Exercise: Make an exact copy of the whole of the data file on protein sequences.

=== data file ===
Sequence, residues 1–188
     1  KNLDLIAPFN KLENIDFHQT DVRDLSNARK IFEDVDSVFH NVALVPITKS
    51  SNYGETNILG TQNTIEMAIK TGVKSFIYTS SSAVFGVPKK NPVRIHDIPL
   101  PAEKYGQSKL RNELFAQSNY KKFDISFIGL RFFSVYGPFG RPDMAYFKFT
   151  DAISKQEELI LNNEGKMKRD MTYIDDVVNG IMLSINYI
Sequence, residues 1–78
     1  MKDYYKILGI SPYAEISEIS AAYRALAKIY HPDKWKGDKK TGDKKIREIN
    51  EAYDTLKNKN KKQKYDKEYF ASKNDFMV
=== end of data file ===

Sequence, residues 1–188
     1  KNLDLIAPFN KLENIDFHQT DVRDLSNARK IFEDVDSVFH NVALVPITKS
    51  SNYGETNILG TQNTIEMAIK TGVKSFIYTS SSAVFGVPKK NPVRIHDIPL
   101  PAEKYGQSKL RNELFAQSNY KKFDISFIGL RFFSVYGPFG RPDMAYFKFT
   151  DAISKQEELI LNNEGKMKRD MTYIDDVVNG IMLSINYI
Sequence, residues 1–78
     1  MKDYYKILGI SPYAEISEIS AAYRALAKIY HPDKWKGDKK TGDKKIREIN
    51  EAYDTLKNKN KKQKYDKEYF ASKNDFMV